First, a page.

In an article in the Wall Street Journal, Jamin Brophy-Warren is clear when he points out that RE5 is ‘not a game about killing Africans.’ This is a good sign that the mainstream media sort of understand what’s going on. However, what they are still missing out on can be seen in his last paragraph, where he complains that Chris Redfield takes no time to contemplate the consequences of colonialism, his role as a white male in Africa, or other intelligent and insightful aspects of Africa’s post-colonial struggle with underdevelopment, poverty, and HIV/AIDS.
While this is a fair point, Brophy-Warren misses the point that I made above: the game was made by fucking Japanese people! What the hell does the average Japanese developer, out to make a solid game that can exceed the expectations set by its predecessors, want with a balanced story line that takes into consideration the feelings of Africans when his goal isn’t to create a fun game about killing blacks but a fun game about killing zombies?
Anyone who wants a solid narrative on the consequences of colonialism should go out and read J.M Coetzee’s Waiting for the Barbarians (even if you aren’t interested in that topic, read it anyways, it’s fucking amazing).
Probably without even realizing it, N’gai was totally right: there were probably zero black people actually working on the story line, plot layout, code development, or art design of this game.
Some people might think that I am dismissing the video game genre as being a carrier for a driving narrative, story line, or as an intellectual medium in general. I will be the first to say that if I were in the gaming industry, which I wish I was on account of my love for games, I would be the biggest promoter of moving games away from mindless violence and graphical self-indulgence towards the implementation of complex, character driven story lines that engage us in the same way that Coppela did with The Godfather, Herbert did with Dune, or Houser and Humphries with GTA IV.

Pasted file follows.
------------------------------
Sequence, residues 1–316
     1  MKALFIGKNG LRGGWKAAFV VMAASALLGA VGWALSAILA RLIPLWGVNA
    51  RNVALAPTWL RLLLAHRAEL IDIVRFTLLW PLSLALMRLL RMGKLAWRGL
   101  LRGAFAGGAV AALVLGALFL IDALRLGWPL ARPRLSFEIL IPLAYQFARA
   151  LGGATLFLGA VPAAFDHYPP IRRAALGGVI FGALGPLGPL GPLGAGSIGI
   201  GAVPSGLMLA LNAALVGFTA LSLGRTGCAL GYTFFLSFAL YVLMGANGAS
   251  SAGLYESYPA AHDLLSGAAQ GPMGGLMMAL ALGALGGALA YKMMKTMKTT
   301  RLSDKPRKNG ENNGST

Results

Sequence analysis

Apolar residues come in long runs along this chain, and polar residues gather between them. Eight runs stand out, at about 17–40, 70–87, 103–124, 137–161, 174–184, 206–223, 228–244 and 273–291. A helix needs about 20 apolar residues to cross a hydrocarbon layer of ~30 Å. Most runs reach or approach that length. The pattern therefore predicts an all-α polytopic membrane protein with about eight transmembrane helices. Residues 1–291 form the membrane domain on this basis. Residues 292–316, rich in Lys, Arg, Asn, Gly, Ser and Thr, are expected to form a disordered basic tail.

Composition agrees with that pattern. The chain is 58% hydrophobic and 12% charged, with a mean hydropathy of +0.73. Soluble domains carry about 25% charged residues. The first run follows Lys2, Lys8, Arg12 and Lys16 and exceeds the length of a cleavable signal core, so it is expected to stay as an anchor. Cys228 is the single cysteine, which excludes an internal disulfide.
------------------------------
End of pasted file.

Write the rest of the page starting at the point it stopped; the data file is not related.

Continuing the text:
I just don’t think that all development studios can make games like Rockstar has, not just yet anyways. I feel this is mainly because our industry, though growing exponentially fast, is still going through the process of maturing, just like its primary young/middle-aged adult audience.
Someday I believe that we’ll see more story driven games that tell a tale that we can relate to and learn from. I honestly have faith in the intelligence of game designers and the eventual balance between narrative and gameplay that will be imperative for making excellent, stand-out games as have companies like Rockstar and Bioware.
The mainstream media will need to recognize this fact if they are to make real assessments of games and their content, and will also need to realize that a game that involves the shooting of zombies does not carry with it inherent racial undertones simply because those zombies are black. What if the viral outbreak happened in China, or India, or (God forbid) Israel? Zombie Jews! Could you imagine?
If anyone should get pissed off, it should be the white people. I have no proof of this, but 25 years of playing games and watching movies has led me to conclude that white people are the most shot at in both of these media…so all you white boys and girls should be the ones complaining, not us visual minorities!
All jokes aside, I’m glad that people are aware that there exists a potential for racism in video games and are watching out for it, but non-gamers who don’t understand the medium should seriously consider their reputations before claiming a game contains ‘full on sex scenes’, ‘racist killing of blacks in Africa’, or ‘missions aimed at the murdering of prostitutes’. The gaming industry simply needs time to grow up and find itself, and while they’re at it, come up with a better way of describing itself other than by using the denigrating word ‘game’.